The Momma Who Just Gave Her Daughter Her First Insulin Shot
Before 7:30 a.m. today I had to excuse myself to our pantry and have a little cry. I had to shake off the heavy feelings of anger and being overwhelmed before they choked me. I had to re-group, put on a smile and a we-can-do this attitude before opening the door to face our situation:
My 5-year-old bombarding me with questions: “Where’s the needle?” “Can I try?” “Does it hurt her?” “Why does Pippy get to have that and not me?”
My 10-month-old who hasn’t taken his eyes off me since I had to leave him the entire day yesterday to take his big sister to the hospital.
And then Pip…
My little girl who has already been through so much. My little girl who bravely takes on life, like we all should. My little girl who now, has yet another life-changing diagnosis.
Yesterday, we went to her eye surgeon to discuss the possibilities of surgery for a permanent contact lens for her congenital cataracts. Inserting and removing a tiny minuscule contact in a squirmy outrageously upset little girl is starting to become impossible, and we wanted to hear about other options. That appointment alone was physically and mentally exhausting. Imagine if you can, having to hold your child down in your lap while someone pokes around in her eyes. Imagine if you can, trying to distract her for hours upon hours because appointments are running behind. Imagine if you can, hearing your child potentially needs another surgery after y’all have been through more than a dozen already.
Then try to imagine getting through all that but still needing to go to another appointment after feeling for a week or two like something was up with your child. Just knowing that something was wrong. Imagine thinking because of her excessive drinking you just assumed something was off with her thyroid medicine. Imagine thinking your appointment would simply be a discussion to change dosages and maybe if necessary, some dreaded blood work.
Then imagine seeing the look your child’s doctor has given you time and time again when bad news arises. Imagine finally breaking down and crying, simply not being able to keep it together. Imagine feeling like it’s always one thing after the other. Imagine hearing your child has Down syndrome, then congenital cataracts, then congenital heart defects, then hypothyroidism, then needs tubes in her ears, then has major issues with her hips and knees. Top it all off with a life-changing diagnosis like celiac disease, and add in all the therapies, blood work, surgeries and appointments.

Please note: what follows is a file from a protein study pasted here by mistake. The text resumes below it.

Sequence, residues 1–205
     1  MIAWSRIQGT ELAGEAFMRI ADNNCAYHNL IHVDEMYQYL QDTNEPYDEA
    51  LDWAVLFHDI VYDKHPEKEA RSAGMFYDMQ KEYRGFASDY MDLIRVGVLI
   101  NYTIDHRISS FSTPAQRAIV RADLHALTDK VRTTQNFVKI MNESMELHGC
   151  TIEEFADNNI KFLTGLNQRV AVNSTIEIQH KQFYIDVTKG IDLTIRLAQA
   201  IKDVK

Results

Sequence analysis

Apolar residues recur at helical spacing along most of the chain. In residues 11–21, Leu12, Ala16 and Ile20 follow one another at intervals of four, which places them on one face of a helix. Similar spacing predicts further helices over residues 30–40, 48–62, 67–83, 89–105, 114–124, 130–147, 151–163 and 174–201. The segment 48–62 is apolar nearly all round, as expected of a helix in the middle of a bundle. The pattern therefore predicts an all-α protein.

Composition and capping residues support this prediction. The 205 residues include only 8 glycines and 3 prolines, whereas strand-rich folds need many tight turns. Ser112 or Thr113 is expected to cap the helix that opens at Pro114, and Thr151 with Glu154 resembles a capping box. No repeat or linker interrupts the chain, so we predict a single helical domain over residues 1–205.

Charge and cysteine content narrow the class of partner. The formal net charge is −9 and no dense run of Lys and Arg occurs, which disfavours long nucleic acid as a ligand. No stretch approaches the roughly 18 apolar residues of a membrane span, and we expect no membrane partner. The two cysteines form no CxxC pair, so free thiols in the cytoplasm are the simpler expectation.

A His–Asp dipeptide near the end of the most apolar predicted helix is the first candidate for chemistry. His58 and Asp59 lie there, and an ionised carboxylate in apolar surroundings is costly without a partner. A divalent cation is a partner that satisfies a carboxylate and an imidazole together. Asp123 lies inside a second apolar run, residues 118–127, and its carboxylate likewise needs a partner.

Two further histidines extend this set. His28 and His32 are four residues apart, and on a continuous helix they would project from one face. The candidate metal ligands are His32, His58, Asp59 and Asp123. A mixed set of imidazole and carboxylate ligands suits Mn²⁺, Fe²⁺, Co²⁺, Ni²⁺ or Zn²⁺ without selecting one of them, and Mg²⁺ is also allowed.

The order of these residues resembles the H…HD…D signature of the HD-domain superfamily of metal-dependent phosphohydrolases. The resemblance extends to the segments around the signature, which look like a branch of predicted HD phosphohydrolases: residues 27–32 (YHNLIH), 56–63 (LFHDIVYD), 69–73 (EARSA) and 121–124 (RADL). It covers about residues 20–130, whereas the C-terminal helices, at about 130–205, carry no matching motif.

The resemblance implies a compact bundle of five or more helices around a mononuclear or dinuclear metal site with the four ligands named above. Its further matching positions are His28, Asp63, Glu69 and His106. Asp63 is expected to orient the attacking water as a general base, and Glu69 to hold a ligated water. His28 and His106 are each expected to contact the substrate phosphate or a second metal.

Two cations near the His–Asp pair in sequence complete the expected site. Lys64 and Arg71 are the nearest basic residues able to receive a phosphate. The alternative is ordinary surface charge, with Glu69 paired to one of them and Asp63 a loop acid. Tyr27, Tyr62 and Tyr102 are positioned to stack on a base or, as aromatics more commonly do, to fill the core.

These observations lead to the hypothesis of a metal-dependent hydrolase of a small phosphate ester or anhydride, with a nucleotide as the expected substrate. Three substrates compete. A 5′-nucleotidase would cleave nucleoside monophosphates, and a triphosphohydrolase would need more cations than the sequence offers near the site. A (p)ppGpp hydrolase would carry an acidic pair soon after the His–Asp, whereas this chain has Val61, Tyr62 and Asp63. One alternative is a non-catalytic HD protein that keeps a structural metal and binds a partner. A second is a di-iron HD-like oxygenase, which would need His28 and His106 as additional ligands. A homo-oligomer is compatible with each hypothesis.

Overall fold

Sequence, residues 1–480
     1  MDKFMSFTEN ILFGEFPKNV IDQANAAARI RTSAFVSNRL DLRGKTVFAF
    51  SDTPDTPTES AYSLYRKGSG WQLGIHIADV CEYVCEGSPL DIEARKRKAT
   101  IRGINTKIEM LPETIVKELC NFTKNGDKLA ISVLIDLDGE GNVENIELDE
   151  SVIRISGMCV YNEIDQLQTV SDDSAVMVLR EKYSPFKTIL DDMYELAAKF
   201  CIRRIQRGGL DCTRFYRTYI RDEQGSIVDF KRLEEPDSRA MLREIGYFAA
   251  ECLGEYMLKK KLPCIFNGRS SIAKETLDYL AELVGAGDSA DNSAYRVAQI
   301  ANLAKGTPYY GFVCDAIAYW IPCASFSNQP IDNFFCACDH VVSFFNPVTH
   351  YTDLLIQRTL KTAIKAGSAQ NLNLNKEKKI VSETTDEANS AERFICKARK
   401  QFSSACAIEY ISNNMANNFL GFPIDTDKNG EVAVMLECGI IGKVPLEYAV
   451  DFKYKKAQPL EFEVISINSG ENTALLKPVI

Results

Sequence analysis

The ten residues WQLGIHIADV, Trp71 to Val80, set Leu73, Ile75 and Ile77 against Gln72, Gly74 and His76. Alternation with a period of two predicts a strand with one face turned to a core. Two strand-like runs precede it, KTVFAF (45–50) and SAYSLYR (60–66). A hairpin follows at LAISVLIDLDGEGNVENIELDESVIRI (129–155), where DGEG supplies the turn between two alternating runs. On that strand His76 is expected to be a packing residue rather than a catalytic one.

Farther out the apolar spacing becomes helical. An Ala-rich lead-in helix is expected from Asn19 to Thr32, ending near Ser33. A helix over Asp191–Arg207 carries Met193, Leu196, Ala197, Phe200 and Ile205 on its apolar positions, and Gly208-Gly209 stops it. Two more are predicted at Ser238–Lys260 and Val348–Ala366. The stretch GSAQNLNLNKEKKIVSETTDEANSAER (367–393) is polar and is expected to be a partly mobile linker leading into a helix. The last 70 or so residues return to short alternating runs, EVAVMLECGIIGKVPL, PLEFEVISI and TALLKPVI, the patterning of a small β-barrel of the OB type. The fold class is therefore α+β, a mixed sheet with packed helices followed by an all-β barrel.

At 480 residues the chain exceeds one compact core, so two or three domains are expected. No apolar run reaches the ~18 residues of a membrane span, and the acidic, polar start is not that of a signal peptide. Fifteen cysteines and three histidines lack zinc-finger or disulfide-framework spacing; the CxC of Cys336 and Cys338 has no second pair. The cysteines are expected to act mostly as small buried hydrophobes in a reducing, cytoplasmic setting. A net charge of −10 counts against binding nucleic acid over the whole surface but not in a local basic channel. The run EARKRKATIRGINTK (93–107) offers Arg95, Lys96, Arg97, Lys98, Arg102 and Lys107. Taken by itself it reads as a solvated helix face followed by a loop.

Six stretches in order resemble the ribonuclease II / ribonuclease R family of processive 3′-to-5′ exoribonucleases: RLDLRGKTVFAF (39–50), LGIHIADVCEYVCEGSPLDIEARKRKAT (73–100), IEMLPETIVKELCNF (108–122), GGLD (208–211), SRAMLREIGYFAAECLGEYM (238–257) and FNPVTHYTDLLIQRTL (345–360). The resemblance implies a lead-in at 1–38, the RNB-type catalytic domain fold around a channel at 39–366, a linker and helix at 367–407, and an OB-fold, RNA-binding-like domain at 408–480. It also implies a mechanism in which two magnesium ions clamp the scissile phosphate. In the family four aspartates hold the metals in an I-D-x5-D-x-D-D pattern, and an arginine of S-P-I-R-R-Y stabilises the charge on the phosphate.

Imagine then if you can, having the doctor put her arm around you and explain that your child now also has Type 1 diabetes. Imagine losing it, dropping your head in defeat, feeling the weight of her words and simply groaning “feck.” Imagine trying to reign in your emotions but not being able to stop crying. You’re almost in hysterics because you feel this must be a joke, there is no way one child can have so many things. Imagine nurses who have known your child since she was born coming over to hug you but with each embrace realizing how serious this must be. Imagine having your child rest her little head on your knee because she thinks you are upset, only to then have to hold her down for more tests, more pokes, more blood work while she just cries and screams “Momma” over and over.
Imagine learning to work an insulin pen, how to poke your child’s finger to do blood sugar tests and get up the nerve to actually give your child insulin shots. Imagine being deathly afraid of needles yourself, to the point where you pass out more times than not.
Imagine having to know what to do if your child goes unconscious because her sugar levels are too low or having to work out a diet that is diabetes– and celiac-compatible.
Imagine being so scared of yet another thing that could potentially threaten to take your child away.
Imagine thinking God or Fate or whomever is running this show, is outta their freaking mind to unfairly give your child yet something else to battle. Imagine feeling so utterly overwhelmed and never being able to catch your breath, finally getting used to one diagnosis only to receive another.
Imagine after a day like that, rocking your little girl at bedtime, thinking she is asleep, so letting teardrops fall. Imagine her then reaching up and gently touching your cheek, wiping away your tears in her own way and snuggling in deeper as if to let you know it will all be OK.
Imagine if you can, all of this. And then you will be me. The momma in the pantry needing to cry because she just gave her daughter her first shot of insulin.
Type 1 diabetes, you don’t know what you’re in for. Pip and I are gonna kick your arse! Might take a few pantry-cries to get there, but we will.
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